Design Icon: Oliver M. Furth Design & Decoration


Like an artist wielding paintbrushes and pigment to capture a vision, interior designer Oliver Furth, principal of Oliver M. Furth Design & Decoration, mixes the antique and the modern, the established and the emerging, to create spaces that, grounded in classical principles and overlaid with historical references, are bold, invigorating, playful and unmistakably fresh. “A lot of my work is about creating a narrative,” he explains. “I may use things from different eras but the composition elevates it so it doesn’t feel random.”

Interior designer Oliver Furth in the living room of his Canyon home. Photo by Roger Davies.

It’s no surprise that Furth’s had an obsession with interiors since childhood. “Since I can remember, I’ve been fascinated by houses and design and construction,” he shares. His passion reaches beyond the merely decorative: “I’m consumed with the idea of home, of this place where people create a life.” He started working while he was still in high school, organizing the sample library for interior designer Judy Wilder Briskin and running errands for architect Marc Appleton. “I was excited to be among adults who were doing what I wanted to be doing.”

In a client’s home, a resin console table by Faye Toogood is surrounded by a Vintage Butaque chair from Clara Porset and Chandigarh stools by Pierre Jeanneret and is topped by a Travertine vase from Collection Particuliere. Photo by Roger Davies.
In the living room of a home in Beverly Hills whose walls are covered in a Phillip Jeffries grasscloth, a cozy custom sofa by Oliver M. Furth Design & Decoration hugs a set of six coffee tables by Peter Hvidt found on 1stDibs. Photo by Roger Davies.

He pursued a degree in architecture, but soon realized its rigidity didn’t suit him. “I didn’t want to spend my time being the fifth in line to draw HVAC venting layouts,” he shares. A job with Martyn Lawrence Bullard suggested an alternative. Confirmed by a stint at Christie’s, working in their Twentieth Century decorative arts department, he pivoted to interior design. “What’s amazing to me is that I’m having fun, doing what I dreamed of doing as a kid,” he marvels. “I don’t know of another profession where you’re dealing with so many things and continuously learning.”

The dining room in a Mount Washington abode is anchored with a table by Eero Saarinen and surrounded by vintage rosewood and paper dining chairs by J.L. Moller. The vintage opalescent glass pendant light is from ReWire. Photo by Roger Davies.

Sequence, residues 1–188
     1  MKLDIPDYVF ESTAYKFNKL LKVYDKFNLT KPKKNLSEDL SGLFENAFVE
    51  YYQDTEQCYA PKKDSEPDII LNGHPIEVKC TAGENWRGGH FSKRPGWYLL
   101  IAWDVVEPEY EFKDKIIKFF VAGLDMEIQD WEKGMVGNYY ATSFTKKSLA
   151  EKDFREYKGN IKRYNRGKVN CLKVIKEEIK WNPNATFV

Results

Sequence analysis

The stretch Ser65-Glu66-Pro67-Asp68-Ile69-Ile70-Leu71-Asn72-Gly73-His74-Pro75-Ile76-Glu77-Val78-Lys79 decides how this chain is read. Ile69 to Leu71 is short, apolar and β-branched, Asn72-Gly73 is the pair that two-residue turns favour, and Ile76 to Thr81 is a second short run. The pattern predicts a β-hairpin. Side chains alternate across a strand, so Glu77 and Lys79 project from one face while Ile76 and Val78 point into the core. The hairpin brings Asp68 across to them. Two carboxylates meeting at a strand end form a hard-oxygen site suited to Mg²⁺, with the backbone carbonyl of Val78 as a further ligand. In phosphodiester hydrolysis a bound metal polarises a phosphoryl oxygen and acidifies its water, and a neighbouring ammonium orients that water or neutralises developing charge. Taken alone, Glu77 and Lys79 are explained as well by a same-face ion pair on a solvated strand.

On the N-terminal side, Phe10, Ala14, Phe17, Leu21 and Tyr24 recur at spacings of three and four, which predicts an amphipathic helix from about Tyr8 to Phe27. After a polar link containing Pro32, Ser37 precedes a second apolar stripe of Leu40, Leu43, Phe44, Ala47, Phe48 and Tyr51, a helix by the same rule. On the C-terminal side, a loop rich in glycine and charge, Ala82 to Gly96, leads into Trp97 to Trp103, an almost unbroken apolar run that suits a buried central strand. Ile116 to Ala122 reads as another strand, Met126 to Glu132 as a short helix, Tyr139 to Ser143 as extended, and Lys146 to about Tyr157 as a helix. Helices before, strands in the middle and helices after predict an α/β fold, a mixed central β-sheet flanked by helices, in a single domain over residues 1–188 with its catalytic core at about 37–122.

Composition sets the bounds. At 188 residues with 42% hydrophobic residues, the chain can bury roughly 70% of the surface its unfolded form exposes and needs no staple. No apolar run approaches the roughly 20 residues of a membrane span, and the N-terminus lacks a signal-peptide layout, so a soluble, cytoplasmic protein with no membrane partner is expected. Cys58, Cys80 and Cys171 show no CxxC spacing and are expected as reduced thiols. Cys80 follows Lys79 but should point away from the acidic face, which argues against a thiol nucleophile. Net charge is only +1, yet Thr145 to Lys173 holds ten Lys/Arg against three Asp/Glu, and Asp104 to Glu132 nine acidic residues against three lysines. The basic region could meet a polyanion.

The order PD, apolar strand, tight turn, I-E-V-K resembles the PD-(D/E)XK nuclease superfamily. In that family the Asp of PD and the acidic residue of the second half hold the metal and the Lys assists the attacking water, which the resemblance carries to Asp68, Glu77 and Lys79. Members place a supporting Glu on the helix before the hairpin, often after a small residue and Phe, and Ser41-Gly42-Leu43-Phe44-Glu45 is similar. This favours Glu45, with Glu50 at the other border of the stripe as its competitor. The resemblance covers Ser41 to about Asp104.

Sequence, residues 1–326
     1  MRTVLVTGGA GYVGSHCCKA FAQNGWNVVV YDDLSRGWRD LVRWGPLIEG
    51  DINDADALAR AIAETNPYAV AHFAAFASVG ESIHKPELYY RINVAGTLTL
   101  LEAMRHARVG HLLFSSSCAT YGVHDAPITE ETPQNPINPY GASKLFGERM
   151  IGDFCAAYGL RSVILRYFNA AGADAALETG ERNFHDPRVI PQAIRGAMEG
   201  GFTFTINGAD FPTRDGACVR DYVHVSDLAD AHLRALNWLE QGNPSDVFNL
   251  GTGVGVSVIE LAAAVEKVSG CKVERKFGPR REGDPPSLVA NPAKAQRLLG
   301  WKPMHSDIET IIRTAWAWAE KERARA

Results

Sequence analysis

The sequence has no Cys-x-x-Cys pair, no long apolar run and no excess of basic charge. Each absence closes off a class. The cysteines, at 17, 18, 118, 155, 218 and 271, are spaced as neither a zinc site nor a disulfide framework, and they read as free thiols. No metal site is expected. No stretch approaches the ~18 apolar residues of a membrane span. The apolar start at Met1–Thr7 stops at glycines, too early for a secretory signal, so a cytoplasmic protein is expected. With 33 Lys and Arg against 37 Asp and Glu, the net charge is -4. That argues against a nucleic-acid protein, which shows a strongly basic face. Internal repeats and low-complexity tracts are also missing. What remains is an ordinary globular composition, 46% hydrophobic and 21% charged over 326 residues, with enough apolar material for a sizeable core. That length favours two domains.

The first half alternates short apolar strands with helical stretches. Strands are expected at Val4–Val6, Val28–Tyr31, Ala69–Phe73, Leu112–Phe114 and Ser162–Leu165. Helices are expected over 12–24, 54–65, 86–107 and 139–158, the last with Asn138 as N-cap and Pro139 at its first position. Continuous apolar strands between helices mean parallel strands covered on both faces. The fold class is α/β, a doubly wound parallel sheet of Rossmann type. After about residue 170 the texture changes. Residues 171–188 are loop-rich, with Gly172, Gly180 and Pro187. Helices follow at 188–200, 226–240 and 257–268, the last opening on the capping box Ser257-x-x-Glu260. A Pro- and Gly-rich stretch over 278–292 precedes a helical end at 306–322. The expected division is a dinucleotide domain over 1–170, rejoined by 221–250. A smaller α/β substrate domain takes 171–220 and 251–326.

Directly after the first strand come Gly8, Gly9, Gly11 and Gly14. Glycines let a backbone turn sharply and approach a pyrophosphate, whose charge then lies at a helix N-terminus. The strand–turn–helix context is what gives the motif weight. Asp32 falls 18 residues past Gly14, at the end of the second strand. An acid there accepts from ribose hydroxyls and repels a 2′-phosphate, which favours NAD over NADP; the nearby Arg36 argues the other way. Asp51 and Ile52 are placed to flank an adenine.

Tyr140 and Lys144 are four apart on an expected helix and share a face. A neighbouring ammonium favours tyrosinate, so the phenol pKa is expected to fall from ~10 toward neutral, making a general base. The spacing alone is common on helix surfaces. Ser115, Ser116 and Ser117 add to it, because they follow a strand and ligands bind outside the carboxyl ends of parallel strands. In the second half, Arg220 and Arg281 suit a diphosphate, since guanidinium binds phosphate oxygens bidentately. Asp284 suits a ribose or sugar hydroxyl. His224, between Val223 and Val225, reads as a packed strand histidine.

While Furth’s knowledge—of design, architecture, art and history, especially as it pertains to his native L.A.—is, in and of itself, astounding, it’s the creativity with which he employs it that demonstrates his mastery of his craft. “So much of decorating is problem solving, so you can often find a solution from a precedent,” he says. He’s not above breaking the rules. “Of course sometimes it’s doing the opposite of what’s been done before that works,” he laughs.

In a reception space that Furth created for the Greystone Mansion Design Showcase House, a custom sound- absorbing ceiling installation by Arktura and stainless-steel flooring by Chelsea Oliver Studio form a backdrop to a bronze coffee table by Stefan Bishop. Photo by Stephen Busken.

He views the responsibilities of creating a home with a gravitas that borders on the profound. “Inherent in the idea of interior design for me is the belief that this space will be the springboard to a happier life,” he explains. Thus he encourages his clients’ participation in the process. “I rely on it,” he confesses. He also embraces the involvement of the artists, makers and craftspeople whose work he incorporates into his projects. “I have a unique opportunity to discover and integrate things that are not just beautiful but also meaningful and unique, giving these creators a platform for their work,” he acknowledges. “Though first and foremost, of course, it needs to be functional.”

In the sitting room of Furth’s home, walls and upholstery are in document-printed linen reissued by Sister Parish that also covers a chair by Ron Arad. The ceramic coffee table is by Sean Gerstley and the mixed-media sculpture is by Leena Similu. Photo by Yoshihiro Makino.
OP! Optimistic Interiors, Furth’s first monograph, will be released by Rizzoli this spring.

It also means that each project is unique. “I’m always pushing people to do something they haven’t done before. That’s what tickles me,” he says. His new book, out this month from Rizzoli, is aptly titled OP! Optimistic Interiors. “Design is a conversation, it’s ideas coming together and the energy that creates,” Furth says. To experience a Furth interior is to understand that hope—for the future, for a better life, for a brighter day—does, indeed, spring eternal. Optimistic interiors? For sure.

In a Hollywood Hills home, Furth paired a console he commissioned by artist Peter Shire with vintage Carlo Mollino chairs discovered at JF Chen. The Frank Stella lithographs were purchased at Gemini G.E.L. The custom hand-painted wallpaper is from Porter Teleo.
Photo by Roger Davies.

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